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Photo by Dean Moses.
Protesters gathered at Archbishop Malloy High School in Briarwood to protest the death of George Floyd on June 6, 2020.

BY ZACHARY GEWELB, JACOB KAYE & DEAN MOSES

Students and alumni from Archbishop Molloy High School hosted a “Not for School But for Black Lives” protest outside of the Briarwood school on Saturday.

The protest comes after the Briarwood school faced backlash from alumni and current students due to their lack of an initial response after Floyd’s death and the several protests that have followed.

The movement generated a response from the school, which on June 2 posted a statement on their Instagram page that was widely panned as they flooded the comment section with criticisms and personal stories where they’ve experienced racism and bigotry by their own teachers and peers that was overlooked by the administration, as first reported by Queens Patch.

The protest was named “Not for School But for Black Lives,” a play on school’s motto: “Non scholae sed vitae” — not for school, but for life.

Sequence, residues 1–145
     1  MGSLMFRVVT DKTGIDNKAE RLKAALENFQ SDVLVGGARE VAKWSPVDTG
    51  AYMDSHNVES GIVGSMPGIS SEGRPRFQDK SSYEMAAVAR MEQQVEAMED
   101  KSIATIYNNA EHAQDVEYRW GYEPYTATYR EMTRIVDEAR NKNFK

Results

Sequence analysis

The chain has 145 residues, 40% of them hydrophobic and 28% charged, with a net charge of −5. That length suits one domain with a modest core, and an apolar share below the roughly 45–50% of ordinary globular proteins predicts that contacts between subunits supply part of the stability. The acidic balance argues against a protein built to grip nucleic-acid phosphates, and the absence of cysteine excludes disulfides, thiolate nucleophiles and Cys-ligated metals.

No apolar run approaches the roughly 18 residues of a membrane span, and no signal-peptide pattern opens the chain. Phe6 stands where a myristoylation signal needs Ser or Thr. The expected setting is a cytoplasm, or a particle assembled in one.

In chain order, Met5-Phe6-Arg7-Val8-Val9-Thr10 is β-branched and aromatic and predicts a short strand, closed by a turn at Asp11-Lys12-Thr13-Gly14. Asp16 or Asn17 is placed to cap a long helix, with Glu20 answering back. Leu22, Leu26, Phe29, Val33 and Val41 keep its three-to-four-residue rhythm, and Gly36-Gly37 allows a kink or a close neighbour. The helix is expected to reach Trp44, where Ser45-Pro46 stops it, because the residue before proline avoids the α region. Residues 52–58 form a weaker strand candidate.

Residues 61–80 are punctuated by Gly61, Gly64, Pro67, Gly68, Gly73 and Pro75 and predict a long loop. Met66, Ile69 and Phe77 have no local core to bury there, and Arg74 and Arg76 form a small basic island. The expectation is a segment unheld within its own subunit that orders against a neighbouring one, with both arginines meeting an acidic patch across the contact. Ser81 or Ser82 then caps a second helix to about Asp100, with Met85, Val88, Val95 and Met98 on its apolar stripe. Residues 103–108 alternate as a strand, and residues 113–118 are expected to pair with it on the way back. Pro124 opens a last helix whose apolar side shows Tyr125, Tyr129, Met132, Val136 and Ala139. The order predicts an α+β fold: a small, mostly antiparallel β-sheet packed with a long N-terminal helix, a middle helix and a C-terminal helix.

About 200 protesters gathered at the school around 1 p.m., on Saturday.

Photo by Dean Moses.

Photo by Dean Moses.

The group marched towards the Queens Criminal Courthouse – about a 10 minute walk from the Catholic school – where they took a knee for eight minutes, the amount of time Minneapolis police officer Derek Chauvin dug his knee into George Floyd’s neck as he died.

Photo by Dean Moses.

While on the steps of the courthouse, protesters sang Happy Birthday to Breonna Taylor, a Black woman who was killed in her home by Louisville police. Taylor would have turned 27-years-old on Friday, June 5.

Photo by Dean Moses.

The demonstrators then began their march through Forest Hills, where the met up with a larger group of protesters. Together, the group was about 500 people strong.

Photo by Dean Moses.

Photo by Dean Moses.

Photo by Dean Moses.

Photo by Dean Moses.

Last updated at 3:05 p.m., on Saturday, June 6. 

 

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